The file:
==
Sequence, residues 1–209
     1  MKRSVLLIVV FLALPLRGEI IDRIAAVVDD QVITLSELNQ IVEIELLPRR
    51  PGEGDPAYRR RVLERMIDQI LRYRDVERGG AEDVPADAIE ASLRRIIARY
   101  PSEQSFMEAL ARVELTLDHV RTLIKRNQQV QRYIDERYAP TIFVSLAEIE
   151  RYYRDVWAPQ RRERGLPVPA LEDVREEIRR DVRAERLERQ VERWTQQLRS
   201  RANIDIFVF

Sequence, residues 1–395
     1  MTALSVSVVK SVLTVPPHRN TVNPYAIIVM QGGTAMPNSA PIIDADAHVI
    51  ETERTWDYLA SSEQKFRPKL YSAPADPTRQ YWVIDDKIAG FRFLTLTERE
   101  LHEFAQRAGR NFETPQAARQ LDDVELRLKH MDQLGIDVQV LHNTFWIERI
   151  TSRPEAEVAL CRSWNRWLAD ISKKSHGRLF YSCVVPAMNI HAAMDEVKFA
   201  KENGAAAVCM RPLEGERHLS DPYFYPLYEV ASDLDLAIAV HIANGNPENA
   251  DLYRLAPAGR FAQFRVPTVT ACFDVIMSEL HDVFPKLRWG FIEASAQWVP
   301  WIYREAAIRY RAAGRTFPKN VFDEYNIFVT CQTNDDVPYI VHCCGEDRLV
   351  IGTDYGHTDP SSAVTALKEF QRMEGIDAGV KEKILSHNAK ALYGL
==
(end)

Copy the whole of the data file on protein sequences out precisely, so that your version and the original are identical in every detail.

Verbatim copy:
Sequence, residues 1–209
     1  MKRSVLLIVV FLALPLRGEI IDRIAAVVDD QVITLSELNQ IVEIELLPRR
    51  PGEGDPAYRR RVLERMIDQI LRYRDVERGG AEDVPADAIE ASLRRIIARY
   101  PSEQSFMEAL ARVELTLDHV RTLIKRNQQV QRYIDERYAP TIFVSLAEIE
   151  RYYRDVWAPQ RRERGLPVPA LEDVREEIRR DVRAERLERQ VERWTQQLRS
   201  RANIDIFVF

Sequence, residues 1–395
     1  MTALSVSVVK SVLTVPPHRN TVNPYAIIVM QGGTAMPNSA PIIDADAHVI
    51  ETERTWDYLA SSEQKFRPKL YSAPADPTRQ YWVIDDKIAG FRFLTLTERE
   101  LHEFAQRAGR NFETPQAARQ LDDVELRLKH MDQLGIDVQV LHNTFWIERI
   151  TSRPEAEVAL CRSWNRWLAD ISKKSHGRLF YSCVVPAMNI HAAMDEVKFA
   201  KENGAAAVCM RPLEGERHLS DPYFYPLYEV ASDLDLAIAV HIANGNPENA
   251  DLYRLAPAGR FAQFRVPTVT ACFDVIMSEL HDVFPKLRWG FIEASAQWVP
   301  WIYREAAIRY RAAGRTFPKN VFDEYNIFVT CQTNDDVPYI VHCCGEDRLV
   351  IGTDYGHTDP SSAVTALKEF QRMEGIDAGV KEKILSHNAK ALYGL